MOSCOW: Newly-crowned World champion Viswanathan Anand has been the face of Indian chess for more than two decades and the five-time title holder said he was proud to be a part of India's rediscovery of chess.
The 42-year-old Indian clinched his fifth title on Wednesday after beating Israeli challenger Boris Gelfand 2.5-1.5 in a tense tie-breaker at the Tretyakov Gallery in Moscow after being tied 6-6 in the 12 classical games.
Asked about his role in giving a fillip to Indian chess, Anand said: "When I grew up there was not much chess scene in India but I was lucky that whatever chess scene was there, the centre was in Chennai. We benefited from the fact that the Soviet cultural centre was in Chennai.
"We had a bunch of enthusiasts who would come on Sunday and play blitz the whole day. They were also very committed, they would organise weekend tournaments and I used to play and with constant practice I started to become better.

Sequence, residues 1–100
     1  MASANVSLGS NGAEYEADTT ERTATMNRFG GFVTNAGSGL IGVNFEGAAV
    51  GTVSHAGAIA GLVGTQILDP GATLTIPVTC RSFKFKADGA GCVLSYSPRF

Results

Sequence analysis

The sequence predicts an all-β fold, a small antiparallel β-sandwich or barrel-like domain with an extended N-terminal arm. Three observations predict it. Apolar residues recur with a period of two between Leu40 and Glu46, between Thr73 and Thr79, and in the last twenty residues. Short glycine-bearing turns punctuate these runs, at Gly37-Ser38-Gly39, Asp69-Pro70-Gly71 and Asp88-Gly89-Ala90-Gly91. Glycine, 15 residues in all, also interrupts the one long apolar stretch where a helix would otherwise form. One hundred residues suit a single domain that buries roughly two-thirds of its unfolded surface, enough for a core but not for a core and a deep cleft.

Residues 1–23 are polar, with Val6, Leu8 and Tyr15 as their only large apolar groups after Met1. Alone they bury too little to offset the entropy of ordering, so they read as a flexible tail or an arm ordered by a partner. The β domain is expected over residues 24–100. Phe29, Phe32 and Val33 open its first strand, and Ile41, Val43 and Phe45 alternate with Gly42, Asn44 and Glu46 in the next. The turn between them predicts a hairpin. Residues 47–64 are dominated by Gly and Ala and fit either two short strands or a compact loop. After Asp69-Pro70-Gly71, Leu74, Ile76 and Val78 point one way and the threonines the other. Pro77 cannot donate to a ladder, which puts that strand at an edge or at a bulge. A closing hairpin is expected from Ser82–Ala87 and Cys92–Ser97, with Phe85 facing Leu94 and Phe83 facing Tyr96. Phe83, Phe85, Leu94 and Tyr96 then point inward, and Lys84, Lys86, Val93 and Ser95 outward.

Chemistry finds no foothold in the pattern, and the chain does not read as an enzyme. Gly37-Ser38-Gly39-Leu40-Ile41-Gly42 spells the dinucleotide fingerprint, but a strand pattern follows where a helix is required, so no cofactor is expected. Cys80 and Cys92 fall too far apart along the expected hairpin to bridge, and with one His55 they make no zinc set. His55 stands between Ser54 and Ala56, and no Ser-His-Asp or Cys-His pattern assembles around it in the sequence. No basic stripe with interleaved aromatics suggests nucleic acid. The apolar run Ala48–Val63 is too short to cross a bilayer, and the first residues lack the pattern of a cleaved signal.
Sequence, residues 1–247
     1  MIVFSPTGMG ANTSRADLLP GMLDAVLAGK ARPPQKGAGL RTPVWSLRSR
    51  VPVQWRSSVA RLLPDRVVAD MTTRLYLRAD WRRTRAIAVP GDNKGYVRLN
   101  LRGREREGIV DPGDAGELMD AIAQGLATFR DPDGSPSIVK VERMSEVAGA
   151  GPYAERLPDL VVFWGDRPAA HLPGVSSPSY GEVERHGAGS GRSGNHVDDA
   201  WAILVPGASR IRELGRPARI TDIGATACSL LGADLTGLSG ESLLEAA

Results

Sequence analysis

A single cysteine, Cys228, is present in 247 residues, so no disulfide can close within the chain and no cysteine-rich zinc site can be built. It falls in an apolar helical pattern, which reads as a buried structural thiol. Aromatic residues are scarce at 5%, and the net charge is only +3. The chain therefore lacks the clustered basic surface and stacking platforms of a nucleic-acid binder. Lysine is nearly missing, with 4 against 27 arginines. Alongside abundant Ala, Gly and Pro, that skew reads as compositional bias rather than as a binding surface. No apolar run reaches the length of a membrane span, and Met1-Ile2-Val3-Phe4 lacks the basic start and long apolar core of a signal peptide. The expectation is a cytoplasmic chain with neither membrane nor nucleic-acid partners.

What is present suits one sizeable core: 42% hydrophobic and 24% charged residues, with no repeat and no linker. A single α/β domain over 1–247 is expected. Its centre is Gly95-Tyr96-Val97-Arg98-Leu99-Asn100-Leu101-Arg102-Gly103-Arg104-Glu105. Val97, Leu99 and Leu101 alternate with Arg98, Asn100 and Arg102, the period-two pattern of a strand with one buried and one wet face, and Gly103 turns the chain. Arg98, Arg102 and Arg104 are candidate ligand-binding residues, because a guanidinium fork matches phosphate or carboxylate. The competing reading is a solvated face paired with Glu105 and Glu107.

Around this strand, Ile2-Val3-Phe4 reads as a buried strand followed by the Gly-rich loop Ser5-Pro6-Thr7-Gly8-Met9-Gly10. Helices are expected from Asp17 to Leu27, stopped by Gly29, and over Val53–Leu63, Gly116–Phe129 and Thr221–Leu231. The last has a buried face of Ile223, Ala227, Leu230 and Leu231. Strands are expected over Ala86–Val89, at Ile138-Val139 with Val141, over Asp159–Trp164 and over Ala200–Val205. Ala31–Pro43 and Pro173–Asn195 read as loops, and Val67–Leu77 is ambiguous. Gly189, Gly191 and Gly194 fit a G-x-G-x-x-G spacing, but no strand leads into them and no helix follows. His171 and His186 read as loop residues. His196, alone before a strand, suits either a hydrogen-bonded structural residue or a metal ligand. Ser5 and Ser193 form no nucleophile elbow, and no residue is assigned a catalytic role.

"I am very proud that India rediscovered chess then. I am proud to have played a big role in that discovery. I could feel it because when I became world junior champion and then the Grand master, we could see that chess was certainly becoming popular in India.
"So, I am very happy that India was taking to chess again in a big way. Right now, we have a lot of depth both in men and women's game, a lot of people are taking part," he added.
Asked about his contribution to India's growth which coincided with his rising career, Anand said: "As for tying myself with India's growth that I am a little reluctant. You never know who is inspiring whom. But lets say, at least it happened almost at the same time.
"India had this big moment in 1991 after which economy started expanding vigorously, well lets just say that it all happened almost at the same time," he said.